Volos specializes in the Tsipouro. Is it a cocktail? Is it a , spirit? Is it a wine? After the first couple of them you won't even care, says Faris who has chosen Volos as his home town. He should know - he's an expert in the subject. So he warns: Prepare to see double after you've had a few. For all these years you thought Greece was about sitting by the pool with a glass of Pina Colada: well, now take another look! In Volos, you will be introduced to the real Greece at the Tispouradlko, swigging down Tsipouro. And don't you worry about the pronunciation, after a few of these tiny bottles we all sound the same. The waiter will work it out and before you know it, there comes another little bottle accompanied by an increasingly unfamiliar snack that you did not order but tastes wonderful. These snacks are often displayed raw in a glass fridge and come with every drink, the more you order the better they get. Or at least that's how it feels at the time. You simply can't come to Volos and not visit one of the numerous Tsipouradikos spread around the town specially around the harbor. They are the centre of social life in Volos and all roads end at one or another Tsipouradiko. The simple and very basic furnishing and decoration in these no fuss cafe -looking places are so welcoming and the locals feel completely relaxed and very much at home in them.
In the summer you usually end up in a small uncomfortable (during the first two drinks only) chair by the side walk or a narrow alley with passers by maneuvering to get by. If you are lucky you find a table on the busy harbor next to the water. When it is cold (yes, it does get cold here) you end up in a smoke-filled room with everyone shouting, laughing and having lots of fun. The decor? It usually consists of a large painting of a fishing boat or a light house straight from a preschool drawing class. Or you might find a few old black and white pictures of the days gone by. Alcohol and nostalgia go very well together. Perfect partners, really.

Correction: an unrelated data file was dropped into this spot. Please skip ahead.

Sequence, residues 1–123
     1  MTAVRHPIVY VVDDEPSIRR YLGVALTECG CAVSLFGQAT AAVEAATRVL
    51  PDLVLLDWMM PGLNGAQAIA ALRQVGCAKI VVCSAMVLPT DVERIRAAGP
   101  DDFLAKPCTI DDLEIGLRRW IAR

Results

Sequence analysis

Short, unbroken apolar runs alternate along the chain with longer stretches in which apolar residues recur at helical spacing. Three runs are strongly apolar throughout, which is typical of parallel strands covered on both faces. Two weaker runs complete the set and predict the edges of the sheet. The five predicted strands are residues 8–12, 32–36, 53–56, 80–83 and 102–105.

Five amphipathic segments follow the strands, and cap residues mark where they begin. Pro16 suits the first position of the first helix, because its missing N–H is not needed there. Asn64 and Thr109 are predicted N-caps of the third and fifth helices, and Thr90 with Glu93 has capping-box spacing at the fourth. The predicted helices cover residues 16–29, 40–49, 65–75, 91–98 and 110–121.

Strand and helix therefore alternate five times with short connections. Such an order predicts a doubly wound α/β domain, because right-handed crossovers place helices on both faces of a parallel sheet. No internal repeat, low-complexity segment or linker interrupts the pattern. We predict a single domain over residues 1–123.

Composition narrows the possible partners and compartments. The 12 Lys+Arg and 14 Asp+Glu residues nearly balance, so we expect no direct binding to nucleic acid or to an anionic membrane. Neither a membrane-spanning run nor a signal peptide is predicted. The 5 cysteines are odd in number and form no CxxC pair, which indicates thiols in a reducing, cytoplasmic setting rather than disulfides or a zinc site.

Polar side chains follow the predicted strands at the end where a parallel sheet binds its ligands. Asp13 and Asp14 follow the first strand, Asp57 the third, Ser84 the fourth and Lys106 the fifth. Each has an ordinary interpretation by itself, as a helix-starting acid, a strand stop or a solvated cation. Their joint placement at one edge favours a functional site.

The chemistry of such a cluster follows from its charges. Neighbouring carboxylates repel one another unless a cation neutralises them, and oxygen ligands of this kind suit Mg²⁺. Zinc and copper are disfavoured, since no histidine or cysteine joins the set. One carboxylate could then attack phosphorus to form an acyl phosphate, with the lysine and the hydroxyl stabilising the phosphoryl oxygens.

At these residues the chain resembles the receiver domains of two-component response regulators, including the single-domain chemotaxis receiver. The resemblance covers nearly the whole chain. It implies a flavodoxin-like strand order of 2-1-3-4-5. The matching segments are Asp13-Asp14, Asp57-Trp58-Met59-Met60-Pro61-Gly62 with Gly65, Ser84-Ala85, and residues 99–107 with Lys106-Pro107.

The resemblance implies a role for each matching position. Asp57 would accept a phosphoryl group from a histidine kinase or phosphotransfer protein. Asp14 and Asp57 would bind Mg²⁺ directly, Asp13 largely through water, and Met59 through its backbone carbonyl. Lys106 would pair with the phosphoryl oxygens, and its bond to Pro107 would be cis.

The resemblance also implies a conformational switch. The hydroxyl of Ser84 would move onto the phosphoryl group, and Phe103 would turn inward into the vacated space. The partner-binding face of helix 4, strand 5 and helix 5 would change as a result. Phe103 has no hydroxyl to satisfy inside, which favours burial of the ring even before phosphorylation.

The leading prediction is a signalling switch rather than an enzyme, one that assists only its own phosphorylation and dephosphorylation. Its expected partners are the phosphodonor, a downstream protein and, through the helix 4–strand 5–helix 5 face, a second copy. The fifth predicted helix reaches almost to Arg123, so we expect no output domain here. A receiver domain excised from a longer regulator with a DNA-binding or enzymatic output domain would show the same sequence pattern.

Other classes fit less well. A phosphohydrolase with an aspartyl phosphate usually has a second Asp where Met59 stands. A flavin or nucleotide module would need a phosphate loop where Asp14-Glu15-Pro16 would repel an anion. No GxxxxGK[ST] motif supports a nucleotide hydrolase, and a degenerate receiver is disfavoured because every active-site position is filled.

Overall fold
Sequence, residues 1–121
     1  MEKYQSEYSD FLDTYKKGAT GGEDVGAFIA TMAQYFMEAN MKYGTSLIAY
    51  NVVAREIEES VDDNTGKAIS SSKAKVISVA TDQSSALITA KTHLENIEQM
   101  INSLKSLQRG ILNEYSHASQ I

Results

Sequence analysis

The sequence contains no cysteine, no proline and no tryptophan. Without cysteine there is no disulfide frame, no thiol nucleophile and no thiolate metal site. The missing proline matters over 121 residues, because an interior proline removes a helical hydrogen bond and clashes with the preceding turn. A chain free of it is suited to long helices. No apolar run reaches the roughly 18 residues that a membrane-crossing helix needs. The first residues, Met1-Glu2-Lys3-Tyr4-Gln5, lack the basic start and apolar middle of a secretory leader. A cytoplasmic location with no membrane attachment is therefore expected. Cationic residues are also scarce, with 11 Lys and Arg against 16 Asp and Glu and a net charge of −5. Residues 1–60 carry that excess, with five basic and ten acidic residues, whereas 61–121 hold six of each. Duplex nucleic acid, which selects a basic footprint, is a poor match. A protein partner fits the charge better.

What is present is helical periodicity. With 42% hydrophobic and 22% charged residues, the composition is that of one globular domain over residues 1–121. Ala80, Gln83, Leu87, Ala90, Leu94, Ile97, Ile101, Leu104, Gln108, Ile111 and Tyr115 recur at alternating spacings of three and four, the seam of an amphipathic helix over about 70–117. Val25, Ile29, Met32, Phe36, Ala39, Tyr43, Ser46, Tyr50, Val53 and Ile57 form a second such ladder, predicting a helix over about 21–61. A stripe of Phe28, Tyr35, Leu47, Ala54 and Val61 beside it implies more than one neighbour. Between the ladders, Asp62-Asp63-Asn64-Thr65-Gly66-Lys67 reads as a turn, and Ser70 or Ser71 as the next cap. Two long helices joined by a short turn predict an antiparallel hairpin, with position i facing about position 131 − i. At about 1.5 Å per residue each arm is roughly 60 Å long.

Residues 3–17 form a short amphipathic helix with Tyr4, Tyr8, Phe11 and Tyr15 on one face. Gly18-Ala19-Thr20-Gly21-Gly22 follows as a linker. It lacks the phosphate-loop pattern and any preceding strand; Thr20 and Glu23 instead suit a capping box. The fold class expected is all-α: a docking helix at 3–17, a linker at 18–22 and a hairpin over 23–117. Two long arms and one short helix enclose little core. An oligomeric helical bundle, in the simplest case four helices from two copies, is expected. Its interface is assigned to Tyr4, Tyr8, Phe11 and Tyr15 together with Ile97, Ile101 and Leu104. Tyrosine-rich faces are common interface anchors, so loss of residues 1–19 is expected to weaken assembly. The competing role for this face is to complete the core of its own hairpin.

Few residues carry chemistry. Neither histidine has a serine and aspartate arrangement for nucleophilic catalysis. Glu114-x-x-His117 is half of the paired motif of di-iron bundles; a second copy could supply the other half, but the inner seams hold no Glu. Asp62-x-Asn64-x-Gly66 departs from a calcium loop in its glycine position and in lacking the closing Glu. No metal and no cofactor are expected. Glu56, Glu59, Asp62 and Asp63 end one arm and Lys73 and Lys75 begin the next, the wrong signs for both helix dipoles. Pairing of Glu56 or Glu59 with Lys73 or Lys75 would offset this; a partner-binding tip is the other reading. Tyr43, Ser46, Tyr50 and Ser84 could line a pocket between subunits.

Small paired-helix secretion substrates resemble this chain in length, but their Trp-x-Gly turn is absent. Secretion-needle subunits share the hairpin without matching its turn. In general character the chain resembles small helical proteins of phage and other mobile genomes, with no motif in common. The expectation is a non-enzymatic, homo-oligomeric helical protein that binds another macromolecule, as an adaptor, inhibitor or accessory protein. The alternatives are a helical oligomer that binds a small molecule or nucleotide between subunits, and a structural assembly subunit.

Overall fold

You are not seeing double yet, but just in case you forget who you are or who you are with, hanging on the wall near the ceiling there is usually a giant mirror at an angle which allows a bird's eye view of all the tables around you. Looking into the mirror you can even count the number of bottles each table has ordered without attracting much attention. No, the mirror is not lying, there are usually, 10, 12, maybe 20 bottles on a table for two. Empty Tsipouro bottles are never collected from the table until you ask and pay for the bill. Not- finding any room on the tables the busy waiters usually hand the small plates of the snacks to the happy client who will then have the task of finding a room for the plate. But is he going to manage? Tsipouro drinking is truly a spectators sport in Volos. Keep your eyes on that mirror.
Colorless Tsipouro is in fact the local version of Ouzo, distilled from grape skins or from Macedonian grapes, flavored with aniseed. It is served in small bottles not taller than half a pencil and drunk straight, on the rocks or with a bit of water. Adding water causes it to turn a milky white color, a reaction caused by the aniseed oil dispersing itself in minute droplets. Knowing what is a good Tispouro is a great point of conversation and locals take great pride in their topical knowledge. Of course there are Tispouro tasting classes every day, every hour at every Tsipouradkio in town. And since 'Tsipouros R Us' has not been invented yet, each Tsipouradiko has its own 'house' Tsipouro which is carefully poured in these small bottles. A Voliotis (A person from Volos) takes great pride in taking you to their favorite one; you get the chance to chose next time. This provides a great excuse for the next time that is not to say there is a shortage of excuses around to down the drink. In Volos you go to the Tsipouradiko if you pass your test, you go to one if you meet someone, you go to one if you finalize a good business transaction, you go to one if you are excited, if you are bored, if you find a job, if you lose a job (probably drinking more on the last occasion). You meet people from all walks of life sitting at the tables from white bearded priests to policemen, doctors, laborers and fishermen. The Tsipouradikas around the courthouse are packed with solicitors and judges, often accompanied by the plaintiffs and the defendants all at the same table! The argument this time is about who pays for the bill. Each drink with the chaser costs about 2.50 Euros (£1.70) and your bill is determined by the number of bottles on your table at the end. If you don't like the aniseed taste you can order beer, wine or a simple but delicious main meal for about 8 Euros (£5.60) including the drink. Try any of the Tsibourakios on the harbor or in the narrow alleys behind. Next time you choose, see you in the mirror. Twice. Steen Ya Sas.